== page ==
Detroit-area couple charged after son dies in Spain

Hernan Munoz Rato and Ciaran Giles
Associated Press

Girona, Spain — A Detroit area couple arrested after police found the badly decomposed body of their 7-year-old son at the family’s apartment in northeastern Spain claimed Friday the child did not wake up one morning weeks ago but that they didn’t accept he was dead.

Bruce and Schrell Hopkins, aged 39 and 38, were charged Friday with negligent homicide but were released provisionally after being questioned by the judge.

Case prosecutor Enrique Barata said their passports had been removed and the pair had “lost their sense of reality” after the death of their asthmatic son Caleb.

The charges come three days after the couple’s arrest when police found the body of Caleb under several blankets on a bed at the rented apartment in the city of Girona where the couple lived with their three children.

Barata said the exact cause and time of the child’s death had yet to be established and that Caleb was known to be alive Nov. 15 when the family went to a restaurant to celebrate a family birthday.

Barata said the father told the judge the family did not take the child to a hospital because they did not believe in standard medicine, but that they had previously treated his asthma with inhalers and homeopathic medicine.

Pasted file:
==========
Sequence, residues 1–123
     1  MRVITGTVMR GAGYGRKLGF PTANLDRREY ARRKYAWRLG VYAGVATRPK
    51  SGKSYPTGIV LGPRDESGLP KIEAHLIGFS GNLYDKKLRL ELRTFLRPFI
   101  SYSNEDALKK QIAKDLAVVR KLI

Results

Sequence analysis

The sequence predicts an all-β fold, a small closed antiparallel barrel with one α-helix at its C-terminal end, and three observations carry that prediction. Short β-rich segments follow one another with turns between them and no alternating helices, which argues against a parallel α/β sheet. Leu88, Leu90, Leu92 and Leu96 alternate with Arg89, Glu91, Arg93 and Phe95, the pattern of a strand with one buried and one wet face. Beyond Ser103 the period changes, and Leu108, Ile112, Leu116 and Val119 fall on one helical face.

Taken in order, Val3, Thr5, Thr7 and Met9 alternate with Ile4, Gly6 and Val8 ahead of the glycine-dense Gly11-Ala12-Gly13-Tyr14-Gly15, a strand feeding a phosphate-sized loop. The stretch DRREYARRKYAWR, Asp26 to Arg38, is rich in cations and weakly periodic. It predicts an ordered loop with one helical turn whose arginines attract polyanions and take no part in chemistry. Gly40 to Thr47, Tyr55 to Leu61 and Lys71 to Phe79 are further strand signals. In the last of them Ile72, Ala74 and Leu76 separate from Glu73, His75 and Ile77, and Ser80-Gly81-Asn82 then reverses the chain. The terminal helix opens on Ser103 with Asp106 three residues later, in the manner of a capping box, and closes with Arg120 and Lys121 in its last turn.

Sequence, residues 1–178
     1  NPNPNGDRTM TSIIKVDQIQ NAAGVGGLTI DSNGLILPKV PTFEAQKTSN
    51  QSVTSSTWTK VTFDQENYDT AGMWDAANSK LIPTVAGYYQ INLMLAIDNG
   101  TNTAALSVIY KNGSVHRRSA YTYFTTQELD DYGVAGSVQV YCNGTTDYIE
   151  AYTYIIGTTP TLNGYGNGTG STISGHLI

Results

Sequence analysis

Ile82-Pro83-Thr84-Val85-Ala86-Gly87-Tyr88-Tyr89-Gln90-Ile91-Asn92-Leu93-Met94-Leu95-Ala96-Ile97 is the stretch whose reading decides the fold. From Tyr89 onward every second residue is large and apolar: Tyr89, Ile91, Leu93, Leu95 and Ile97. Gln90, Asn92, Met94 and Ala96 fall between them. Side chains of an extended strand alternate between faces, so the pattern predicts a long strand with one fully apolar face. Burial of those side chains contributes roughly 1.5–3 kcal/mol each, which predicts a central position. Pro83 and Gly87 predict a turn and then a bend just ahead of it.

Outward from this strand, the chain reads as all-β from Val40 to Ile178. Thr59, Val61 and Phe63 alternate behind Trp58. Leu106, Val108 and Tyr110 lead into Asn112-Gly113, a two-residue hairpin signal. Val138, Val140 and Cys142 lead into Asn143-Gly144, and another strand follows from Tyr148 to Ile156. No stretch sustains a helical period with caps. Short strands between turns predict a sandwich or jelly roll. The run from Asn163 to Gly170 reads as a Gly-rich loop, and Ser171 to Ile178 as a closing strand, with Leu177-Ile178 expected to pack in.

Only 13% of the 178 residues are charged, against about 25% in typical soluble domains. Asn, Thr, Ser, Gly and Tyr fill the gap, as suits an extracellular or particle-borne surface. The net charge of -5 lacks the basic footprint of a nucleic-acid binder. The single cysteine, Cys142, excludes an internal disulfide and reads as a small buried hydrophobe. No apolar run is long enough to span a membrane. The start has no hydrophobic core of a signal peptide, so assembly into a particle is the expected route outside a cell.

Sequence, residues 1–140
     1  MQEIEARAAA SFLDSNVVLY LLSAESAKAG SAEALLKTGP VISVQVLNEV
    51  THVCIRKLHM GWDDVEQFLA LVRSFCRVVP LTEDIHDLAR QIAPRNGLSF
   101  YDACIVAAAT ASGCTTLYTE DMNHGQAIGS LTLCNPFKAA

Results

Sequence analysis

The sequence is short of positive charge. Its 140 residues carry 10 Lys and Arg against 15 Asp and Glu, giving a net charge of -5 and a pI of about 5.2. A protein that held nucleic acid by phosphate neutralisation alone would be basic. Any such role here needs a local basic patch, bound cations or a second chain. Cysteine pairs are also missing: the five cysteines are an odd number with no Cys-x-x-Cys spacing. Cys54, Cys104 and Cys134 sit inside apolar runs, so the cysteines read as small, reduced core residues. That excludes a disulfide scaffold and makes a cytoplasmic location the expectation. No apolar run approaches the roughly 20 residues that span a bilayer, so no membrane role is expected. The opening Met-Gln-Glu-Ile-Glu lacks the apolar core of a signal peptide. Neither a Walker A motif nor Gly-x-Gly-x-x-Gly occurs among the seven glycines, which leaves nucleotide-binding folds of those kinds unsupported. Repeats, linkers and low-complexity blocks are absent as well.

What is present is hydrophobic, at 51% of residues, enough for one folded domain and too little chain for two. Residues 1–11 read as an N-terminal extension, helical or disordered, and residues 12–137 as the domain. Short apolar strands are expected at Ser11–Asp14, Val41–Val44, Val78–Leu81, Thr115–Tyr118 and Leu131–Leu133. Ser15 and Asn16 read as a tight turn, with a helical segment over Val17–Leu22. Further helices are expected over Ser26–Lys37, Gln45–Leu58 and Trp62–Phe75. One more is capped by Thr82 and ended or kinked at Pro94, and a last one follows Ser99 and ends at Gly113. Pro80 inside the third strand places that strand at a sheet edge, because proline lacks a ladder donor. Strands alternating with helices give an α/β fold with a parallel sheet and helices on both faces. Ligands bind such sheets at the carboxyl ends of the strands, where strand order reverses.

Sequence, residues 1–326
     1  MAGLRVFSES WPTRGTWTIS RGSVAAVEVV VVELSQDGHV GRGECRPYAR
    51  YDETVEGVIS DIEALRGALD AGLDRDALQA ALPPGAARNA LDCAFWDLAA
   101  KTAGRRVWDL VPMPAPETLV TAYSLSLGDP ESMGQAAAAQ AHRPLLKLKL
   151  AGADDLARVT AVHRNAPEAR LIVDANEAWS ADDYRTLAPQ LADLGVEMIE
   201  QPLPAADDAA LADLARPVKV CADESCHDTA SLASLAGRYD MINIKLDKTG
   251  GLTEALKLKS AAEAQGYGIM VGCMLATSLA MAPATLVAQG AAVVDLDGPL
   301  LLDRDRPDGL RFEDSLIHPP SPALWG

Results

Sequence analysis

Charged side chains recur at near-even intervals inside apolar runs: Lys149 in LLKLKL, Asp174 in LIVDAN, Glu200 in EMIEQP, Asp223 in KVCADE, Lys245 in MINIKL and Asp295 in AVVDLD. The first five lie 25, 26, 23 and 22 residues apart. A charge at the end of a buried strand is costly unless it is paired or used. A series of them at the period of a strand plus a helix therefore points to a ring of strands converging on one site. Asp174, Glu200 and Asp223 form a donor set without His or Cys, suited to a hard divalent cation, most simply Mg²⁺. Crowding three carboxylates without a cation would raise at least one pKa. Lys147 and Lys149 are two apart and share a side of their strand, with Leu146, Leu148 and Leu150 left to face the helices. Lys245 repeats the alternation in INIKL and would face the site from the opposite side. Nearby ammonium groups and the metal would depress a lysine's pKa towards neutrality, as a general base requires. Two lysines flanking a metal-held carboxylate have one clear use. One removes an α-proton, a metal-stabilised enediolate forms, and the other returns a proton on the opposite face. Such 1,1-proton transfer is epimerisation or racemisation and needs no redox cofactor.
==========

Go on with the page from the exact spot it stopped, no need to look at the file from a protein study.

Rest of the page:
“The child was fine playing around and living a normal life. But one morning he wouldn’t wake up,” Barata told reporters. “The father explained he tried to give his son resuscitating maneuvers, cardiac massage and mouth-to-mouth breathing. But the child was unresponsive.”

Barata said that “from then on the family lost the sense of reality.”

“They would live normal home life around the dead body,” he said. “They couldn’t accept that the child was dead.”

Police discovered the body after they went to the apartment following a call by the apartment’s owner, who had gone to collect unpaid rent.

The prosecutor said medical tests showed the pair were not mentally ill. He added that investigations indicated the child may have already been dead when the parents found him and that there may not be a case for negligent homicide. He cautioned that they would have to wait some weeks for toxicology results to see if the boy had been given any drug or poison.

Christian Salvador, the family’s defense lawyer, said the Hopkinses were going through a process of mourning.

“More than a sentiment of guilt their feeling is of grief,” Salvador said. “Grief because they’ve just realized he is dead. He was a seven-year-old boy. So this is about two parents who have just realized their son is dead.”

The couple’s two other children, a boy aged 12 and a girl aged 14, have been taken into regional government care.

Barata said the family’s visas had expired several months ago. Police said the father was an engineer but could not say where or if he worked.

Police previously called at the apartment on New Year’s Eve to check if the father was all right after the U.S. embassy contacted them, saying the man’s colleagues were concerned after not hearing from him in some time.

Police said the man did not open the door but insisted he was fine and would contact the U.S. embassy. The spokesman said the officers noticed nothing suspicious.